because of similar kind of situation, we did too.
So ranking is based on certain criteria,
you have to look at those criteria
and see where we can make the improvement
with the strength we have.
So I think amount of publication, amount of patents,
amount of research funding,
how many publications are really being used,
those criteria that you have to really...
I have not really detailed answer for this kind of thing,
but I think you have to look at that
and this is a quantitative measure.
So you have to just play the numbers game.
But I think we also have to think of qualitatively.
Getting there, is this going to overload the faculty?
You have to ask that question as well.
So I think that's how I shall approach it.
It's how you approach the answer to a question also matters.
So I think we have to see, do we want to be in top 10
or do we want to be in top 15?
I don't know, but that is something
that we can have a target
and then we need to think discuss together.
That's where I think shared governance comes into picture.
As I said, the dean is not going to set all those things.
The dean's role is to facilitate that conversation
and see what you want to become
and how the team can help you to get there.
So one of the things that seems to be missing
from metrics oftentimes
is we count publications and patents,
but we don't include commercialization.
'Cause patents are no good
unless you actually commercialize it.
And so how you plan on facilitating that sort of endeavor,
which is not necessarily an easy thing to do?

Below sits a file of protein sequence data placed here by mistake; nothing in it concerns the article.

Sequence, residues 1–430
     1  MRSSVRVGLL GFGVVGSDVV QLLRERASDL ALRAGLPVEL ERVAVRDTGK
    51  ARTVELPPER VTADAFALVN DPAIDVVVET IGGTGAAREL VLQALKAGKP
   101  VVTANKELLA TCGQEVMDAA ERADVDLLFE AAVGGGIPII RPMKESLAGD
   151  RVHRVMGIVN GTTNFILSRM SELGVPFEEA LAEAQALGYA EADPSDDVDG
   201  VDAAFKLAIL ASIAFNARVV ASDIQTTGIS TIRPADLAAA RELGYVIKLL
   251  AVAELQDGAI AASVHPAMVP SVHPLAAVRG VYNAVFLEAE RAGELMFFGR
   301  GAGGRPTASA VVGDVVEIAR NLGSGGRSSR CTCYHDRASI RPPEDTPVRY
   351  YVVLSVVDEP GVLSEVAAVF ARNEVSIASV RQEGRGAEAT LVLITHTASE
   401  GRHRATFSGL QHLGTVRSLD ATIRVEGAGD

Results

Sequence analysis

And then related to that, what are your thoughts around
building cultures of innovation?
How do you do that?
Yeah, the first question that you have,
I don't know how you put commercialization into the mix,
but when you do commercialization
there are other good things that happen
that could be put into the mix.
Think of this, Wageningen is number one right now.
There are just a completely research university.
I have been in Wageningen three times.
If you look at their operation,
they are not a land-grant university.
So it is easier for them because it's the research metrics
that they are looking for, you see?
So when you see UC Davis, which is below,
they have lot more activities.
I was in UC Davis just last week giving a talk
and they were complaining that Wageningen
is really number one,
but what are they doing in transferring the technology
in commercialization and so on?
What are they doing for public good?
Is very much elitist intellectual exercise.
So I think we have to be careful also
that what is our mission?
We have to be mission oriented.
And if our mission is to help for public good,
then we have to keep that in the forefront
and improving our ranking and not necessarily the numbers
that we are talking about.
And the second question you had is how do you basically
do a culture of innovation?
You are already there in my view,
because what I have seen is you have that willingness.
Think about this, what is innovation?